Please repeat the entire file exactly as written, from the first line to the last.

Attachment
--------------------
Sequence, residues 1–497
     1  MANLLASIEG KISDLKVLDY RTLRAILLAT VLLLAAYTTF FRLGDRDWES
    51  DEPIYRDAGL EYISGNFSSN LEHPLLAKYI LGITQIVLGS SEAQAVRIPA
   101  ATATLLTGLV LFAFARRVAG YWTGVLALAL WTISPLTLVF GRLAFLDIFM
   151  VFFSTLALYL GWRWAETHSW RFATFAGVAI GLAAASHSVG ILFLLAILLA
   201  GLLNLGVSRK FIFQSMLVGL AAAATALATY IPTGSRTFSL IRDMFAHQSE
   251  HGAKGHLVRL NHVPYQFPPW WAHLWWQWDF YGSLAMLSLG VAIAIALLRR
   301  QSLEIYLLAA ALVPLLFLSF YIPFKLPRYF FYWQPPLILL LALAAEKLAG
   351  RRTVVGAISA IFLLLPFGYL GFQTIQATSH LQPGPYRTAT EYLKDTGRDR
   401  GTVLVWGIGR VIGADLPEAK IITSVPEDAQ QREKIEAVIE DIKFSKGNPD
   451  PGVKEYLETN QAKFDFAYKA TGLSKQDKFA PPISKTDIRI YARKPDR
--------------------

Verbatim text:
Sequence, residues 1–497
     1  MANLLASIEG KISDLKVLDY RTLRAILLAT VLLLAAYTTF FRLGDRDWES
    51  DEPIYRDAGL EYISGNFSSN LEHPLLAKYI LGITQIVLGS SEAQAVRIPA
   101  ATATLLTGLV LFAFARRVAG YWTGVLALAL WTISPLTLVF GRLAFLDIFM
   151  VFFSTLALYL GWRWAETHSW RFATFAGVAI GLAAASHSVG ILFLLAILLA
   201  GLLNLGVSRK FIFQSMLVGL AAAATALATY IPTGSRTFSL IRDMFAHQSE
   251  HGAKGHLVRL NHVPYQFPPW WAHLWWQWDF YGSLAMLSLG VAIAIALLRR
   301  QSLEIYLLAA ALVPLLFLSF YIPFKLPRYF FYWQPPLILL LALAAEKLAG
   351  RRTVVGAISA IFLLLPFGYL GFQTIQATSH LQPGPYRTAT EYLKDTGRDR
   401  GTVLVWGIGR VIGADLPEAK IITSVPEDAQ QREKIEAVIE DIKFSKGNPD
   451  PGVKEYLETN QAKFDFAYKA TGLSKQDKFA PPISKTDIRI YARKPDR